The two armies were now drawing all available force together round the strategic center of Cold Harbor, only nine miles east of Richmond. On the thirty-first Sheridan drove out the enemy detachments there, and was himself about to retire before much superior reinforcements when he got Grant's order to hold his ground at any cost. Nightfall prevented a general assault till the next morning, when Sheridan managed to stand fast till Wright's whole corps came up and the enemy at once desisted. But elsewhere the Confederates did what they could to stave the Federals off from advantageous ground on that day and the next. The day after--the fateful third of June--the two sides closed in death-grips at Cold Harbor.
On this, the thirtieth day of Grant's campaign of stern attrition and would-be-smashing hammerstrokes at Lee, these were his orders for attack: "The moment it becomes certain that an assault cannot succeed, suspend the offensive. But when one does succeed, push it vigorously, and, if necessary, pile in troops at the successful point from wherever they can be taken." The trouble was that Grant was two days late in carrying on the battle so well begun by Sheridan, that Warren's corps was two miles off and entirely disconnected, and that the three remaining corps formed three parts and no whole when the stress of action came.
At dawn Meade's Army of the Potomac (less Warren's corps) began to take post for the grand attack that some, more sanguine than reflecting, hoped would win the war. When it was light the guns burst out in furious defiance, each side's artillery trying to beat the other's down before the crisis of the infantry assault. There was no maneuvering. Each one of Meade's three corps- -Hancock's, Wright's, and Smith's (brought over from Butler's command)--marched straight to its front. This led them apart, on diverging lines, and so exposed their flanks as well as their fronts to enemy fire. But though each corps thought its neighbor wrong to uncover its flanks, and the true cause was not discovered till compass bearings were afterwards compared, yet each went on undaunted, gaining momentum with every step, and gathering itself together for the final charge.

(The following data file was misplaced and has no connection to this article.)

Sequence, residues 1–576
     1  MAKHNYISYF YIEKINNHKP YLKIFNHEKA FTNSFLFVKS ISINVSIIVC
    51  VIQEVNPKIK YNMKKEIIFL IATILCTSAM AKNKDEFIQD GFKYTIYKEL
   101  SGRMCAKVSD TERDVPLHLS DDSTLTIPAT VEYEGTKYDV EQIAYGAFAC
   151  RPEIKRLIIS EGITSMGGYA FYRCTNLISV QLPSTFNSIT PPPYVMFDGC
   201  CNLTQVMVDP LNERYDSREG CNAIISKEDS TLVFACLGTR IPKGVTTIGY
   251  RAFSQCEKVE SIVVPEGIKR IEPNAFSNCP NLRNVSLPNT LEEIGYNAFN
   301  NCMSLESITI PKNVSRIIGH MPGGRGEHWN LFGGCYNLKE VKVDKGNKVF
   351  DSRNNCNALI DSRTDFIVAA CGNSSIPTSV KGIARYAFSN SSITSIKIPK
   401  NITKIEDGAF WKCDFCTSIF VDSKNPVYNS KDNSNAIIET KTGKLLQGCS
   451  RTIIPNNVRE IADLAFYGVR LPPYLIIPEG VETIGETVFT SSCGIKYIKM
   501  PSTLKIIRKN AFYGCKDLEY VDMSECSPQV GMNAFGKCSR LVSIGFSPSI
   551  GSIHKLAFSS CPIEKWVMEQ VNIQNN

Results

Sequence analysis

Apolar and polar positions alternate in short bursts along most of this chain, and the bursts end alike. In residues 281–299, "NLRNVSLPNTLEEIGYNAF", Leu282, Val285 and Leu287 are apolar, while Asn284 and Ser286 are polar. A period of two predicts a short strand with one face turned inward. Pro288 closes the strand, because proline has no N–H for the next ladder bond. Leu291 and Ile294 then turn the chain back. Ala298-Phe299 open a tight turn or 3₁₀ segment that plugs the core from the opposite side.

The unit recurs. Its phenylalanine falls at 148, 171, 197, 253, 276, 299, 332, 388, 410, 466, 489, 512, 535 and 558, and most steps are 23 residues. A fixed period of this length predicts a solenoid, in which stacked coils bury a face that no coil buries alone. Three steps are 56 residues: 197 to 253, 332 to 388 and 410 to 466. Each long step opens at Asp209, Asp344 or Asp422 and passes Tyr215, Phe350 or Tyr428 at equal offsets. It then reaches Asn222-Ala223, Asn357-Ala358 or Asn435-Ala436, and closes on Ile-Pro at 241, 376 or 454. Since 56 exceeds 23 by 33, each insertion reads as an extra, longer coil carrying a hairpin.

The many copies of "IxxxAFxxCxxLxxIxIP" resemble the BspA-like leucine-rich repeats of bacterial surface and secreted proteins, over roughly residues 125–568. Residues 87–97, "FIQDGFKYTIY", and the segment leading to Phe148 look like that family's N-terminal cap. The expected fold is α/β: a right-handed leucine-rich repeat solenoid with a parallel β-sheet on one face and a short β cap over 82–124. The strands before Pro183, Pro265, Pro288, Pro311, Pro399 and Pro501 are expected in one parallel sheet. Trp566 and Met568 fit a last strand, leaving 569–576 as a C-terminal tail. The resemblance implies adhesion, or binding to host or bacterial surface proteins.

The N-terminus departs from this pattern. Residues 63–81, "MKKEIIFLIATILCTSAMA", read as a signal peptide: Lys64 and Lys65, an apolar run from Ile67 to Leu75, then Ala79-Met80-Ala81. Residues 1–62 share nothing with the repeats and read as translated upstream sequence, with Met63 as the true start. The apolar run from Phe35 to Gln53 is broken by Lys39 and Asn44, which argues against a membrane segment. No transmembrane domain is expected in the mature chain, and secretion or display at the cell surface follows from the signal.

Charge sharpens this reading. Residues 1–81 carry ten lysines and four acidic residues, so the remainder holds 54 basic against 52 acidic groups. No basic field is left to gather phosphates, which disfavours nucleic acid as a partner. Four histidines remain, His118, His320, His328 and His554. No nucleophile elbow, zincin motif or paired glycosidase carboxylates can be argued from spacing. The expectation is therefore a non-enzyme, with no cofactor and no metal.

Then, surging like great storm-blown waves, the blue lines broke against Lee's iron front. In every gallant case there was the same wild cresting of the wave, the same terrific crash, the same adventurous tongues of blue that darted up as far as they could go alive, the same anguishing recession from the fatal mark, and the same agonizing wreckage left behind. In Hancock's corps the crisis passed in just eight minutes. But in those eight dire minutes eight colonels died while leading their regiments on to a foredoomed defeat. One of these eight, James P. McMahon of New York, alone among his dauntless fellows, actually reached the Confederate lines, and, catching the colors from their stricken bearer, waved them one moment above the parapet before he fell.